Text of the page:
Double Rifle fun

Those hardworking boys at American Rifle have been plinking African style with a double barreled rifles chambered in .470 Nitro Express.

Picture 6-32
A spectator shouts “Fix bayonets!” 🙂

A question to those who know more about these things than me: I noticed that the first rifle shown in the video featured ejectors while the other two rifles did not, Is there any reason not to have ejectors on a dangerous game rifle? In a real-life situation a fast reload could be the difference between taking home a trophy or being taken home in a coffin so I would have thought ejectors would be standard.

Hat Tip: Ed @ Tell Me Why?





Steve Johnson

Founder and Dictator-In-Chief of TFB. A passionate gun owner, a shooting enthusiast and totally tacti-uncool. Favorite first date location: any gun range. Steve can be contacted here.


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  • Col. Cooper was fond of pointing out the lack of need for telescope sights on heavy rifles for dangerous game, but you see some of those rifles with scopes. I’m with you on the need for an ejector, but I bet some people would consider them too low for a gentleman to use.

  • Mu

    There is also the possibility that the ejectors are turned off as to not damage the $5 a pop brass when firing for fun.

  • Bill

    Given the distance at which most double rifle shots ar taken, there simply is not time to reload, ejectors or not. By the time you take both shots and break the gun open, the animal will be upon you. If you fail with both shots, you’d better pray your PH can take care of you.

  • georgeh

    When game was more abundant, hunters often didn’t wish to risk the ping of the ejectors if they were in the middle of say, a herd of Cape Buffalo or elephant. The higher frequency sound is much more directional than the boom of firing.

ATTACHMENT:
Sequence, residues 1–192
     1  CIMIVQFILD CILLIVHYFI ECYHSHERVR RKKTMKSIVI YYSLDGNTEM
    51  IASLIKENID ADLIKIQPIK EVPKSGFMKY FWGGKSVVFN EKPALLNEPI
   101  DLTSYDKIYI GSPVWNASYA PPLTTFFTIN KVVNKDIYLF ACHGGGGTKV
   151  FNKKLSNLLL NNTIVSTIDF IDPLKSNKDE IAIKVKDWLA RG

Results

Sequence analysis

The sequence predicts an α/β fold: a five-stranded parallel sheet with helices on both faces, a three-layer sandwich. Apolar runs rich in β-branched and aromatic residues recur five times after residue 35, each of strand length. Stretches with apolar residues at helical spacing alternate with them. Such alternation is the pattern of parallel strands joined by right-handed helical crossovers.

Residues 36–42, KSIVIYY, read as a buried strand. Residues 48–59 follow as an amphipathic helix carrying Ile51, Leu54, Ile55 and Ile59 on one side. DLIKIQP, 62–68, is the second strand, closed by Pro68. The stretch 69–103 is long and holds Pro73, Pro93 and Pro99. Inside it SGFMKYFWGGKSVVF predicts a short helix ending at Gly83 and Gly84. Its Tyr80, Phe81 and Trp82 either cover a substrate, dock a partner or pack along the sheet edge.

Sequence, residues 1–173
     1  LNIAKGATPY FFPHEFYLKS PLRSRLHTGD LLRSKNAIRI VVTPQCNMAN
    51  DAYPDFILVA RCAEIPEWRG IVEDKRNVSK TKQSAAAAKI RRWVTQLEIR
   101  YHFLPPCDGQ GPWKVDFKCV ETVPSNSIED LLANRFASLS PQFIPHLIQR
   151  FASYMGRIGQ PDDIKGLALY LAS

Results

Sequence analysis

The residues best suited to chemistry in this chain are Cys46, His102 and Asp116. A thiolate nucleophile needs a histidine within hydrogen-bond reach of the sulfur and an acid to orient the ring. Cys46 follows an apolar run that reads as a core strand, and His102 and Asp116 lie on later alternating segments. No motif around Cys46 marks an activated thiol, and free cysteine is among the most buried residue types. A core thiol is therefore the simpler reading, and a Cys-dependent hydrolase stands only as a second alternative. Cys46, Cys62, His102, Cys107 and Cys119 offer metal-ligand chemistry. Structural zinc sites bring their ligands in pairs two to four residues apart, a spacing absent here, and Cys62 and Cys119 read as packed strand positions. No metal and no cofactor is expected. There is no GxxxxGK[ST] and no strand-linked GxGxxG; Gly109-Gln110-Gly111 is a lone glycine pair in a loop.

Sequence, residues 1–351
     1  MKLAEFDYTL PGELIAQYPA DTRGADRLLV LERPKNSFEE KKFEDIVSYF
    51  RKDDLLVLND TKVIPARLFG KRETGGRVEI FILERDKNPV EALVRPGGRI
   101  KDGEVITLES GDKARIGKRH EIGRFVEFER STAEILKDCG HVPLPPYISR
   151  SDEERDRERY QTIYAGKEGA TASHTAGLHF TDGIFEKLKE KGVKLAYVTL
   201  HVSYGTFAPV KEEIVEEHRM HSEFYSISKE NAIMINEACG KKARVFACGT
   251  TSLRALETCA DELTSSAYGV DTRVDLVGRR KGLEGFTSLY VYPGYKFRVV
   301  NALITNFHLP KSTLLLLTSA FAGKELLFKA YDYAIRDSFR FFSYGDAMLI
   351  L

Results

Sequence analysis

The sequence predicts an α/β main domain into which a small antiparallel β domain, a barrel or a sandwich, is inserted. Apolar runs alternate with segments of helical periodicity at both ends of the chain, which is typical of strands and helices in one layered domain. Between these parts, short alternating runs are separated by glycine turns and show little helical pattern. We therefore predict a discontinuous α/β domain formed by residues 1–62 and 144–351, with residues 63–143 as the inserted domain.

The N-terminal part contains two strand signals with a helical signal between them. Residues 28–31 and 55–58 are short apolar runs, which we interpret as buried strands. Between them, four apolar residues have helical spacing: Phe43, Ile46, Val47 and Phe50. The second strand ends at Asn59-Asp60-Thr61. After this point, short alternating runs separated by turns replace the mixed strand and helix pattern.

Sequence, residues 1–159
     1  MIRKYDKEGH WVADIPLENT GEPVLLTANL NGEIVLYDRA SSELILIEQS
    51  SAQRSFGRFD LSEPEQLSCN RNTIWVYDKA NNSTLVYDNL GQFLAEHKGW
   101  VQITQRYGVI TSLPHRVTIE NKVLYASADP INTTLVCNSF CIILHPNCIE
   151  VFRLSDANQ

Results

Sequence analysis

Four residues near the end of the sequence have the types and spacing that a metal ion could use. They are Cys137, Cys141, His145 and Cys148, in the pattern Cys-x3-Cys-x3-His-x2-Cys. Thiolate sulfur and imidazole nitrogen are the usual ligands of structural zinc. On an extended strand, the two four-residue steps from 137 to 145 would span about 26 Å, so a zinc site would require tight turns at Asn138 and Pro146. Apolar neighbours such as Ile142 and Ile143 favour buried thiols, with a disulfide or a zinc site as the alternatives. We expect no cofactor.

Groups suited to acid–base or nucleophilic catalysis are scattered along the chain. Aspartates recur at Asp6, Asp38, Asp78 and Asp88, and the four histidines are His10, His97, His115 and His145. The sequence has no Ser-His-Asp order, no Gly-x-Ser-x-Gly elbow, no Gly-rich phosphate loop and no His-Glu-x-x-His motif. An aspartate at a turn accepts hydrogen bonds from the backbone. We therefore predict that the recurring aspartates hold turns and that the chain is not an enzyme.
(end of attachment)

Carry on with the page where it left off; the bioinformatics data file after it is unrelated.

• Matt Groom

    Ejectors were not invented until the 20th century, all doubles had extractors before that. That is why Ejectors are not allowed in Cowboy Action Shooting, because none of the pre-1899 long arms had them. Ejectors were basically invented for big game rifles.

    Truth be told, if you don’t stop a charging water buffalo with two rounds, you probably won’t have time for a third, and certainly not for a reload. This is why doubles were preferred over Bolt-Actions for example. No practical firearm on Earth is faster or more reliable than a double. Semi-auto technology has only recently progressed to the point of being strong enough and reliable enough to work with these high powered cartridges.

  • A little off topic but.

    The one thing I noticed in the video was that the lane was full of storage stuff. A lot of steel. Doesn’t exactly seem to be promoting safe practices.

    I would however opt of the extractors.

  • Tod

    Cartridges that don’t have rims just don’t work really well with ejectors. Yes, some companies have rimless ejectors that mostly work–but others would rather not bother.

    Also, some hunters want ejectors and some don’t–so some companies offer their rifles either way.

  • Tod

    Sorry–one extra note: the purpose the double is to have two rapid shots. Having to pick the brass out doesn’t change the fact that even with ejectors it is still “too long to reload” at the close ranges for which these are intended.

  • Noah

    I read in Cooper’s “To Ride, Shoot Straight, and Speak the Truth” that after a shot, animals that may have been relaxed are very alert, and the sound of the ejectors is distinctly unnatural and can give dangerous animals something to home in on. This was apparently more of a concern for market hunters who would march into a herd of elephants or buffalo than for the modern sport hunter.

  • I have been studying Africa safari history and have read a couple works on rifles for safari. Most white hunters with hundreds of animals to their credit insist that ejectors be de-activated. Being able to change loads or reload one barrel silently is a good thing.

    Others think the time save by ejectors in a tight spot is better. Like all subjects to do with firearms there are many on both sides of the discussion. I believe it has to do with the professional hunter versus the once in a life time safari client that is backed up typically by a bigger gun in more experienced hands.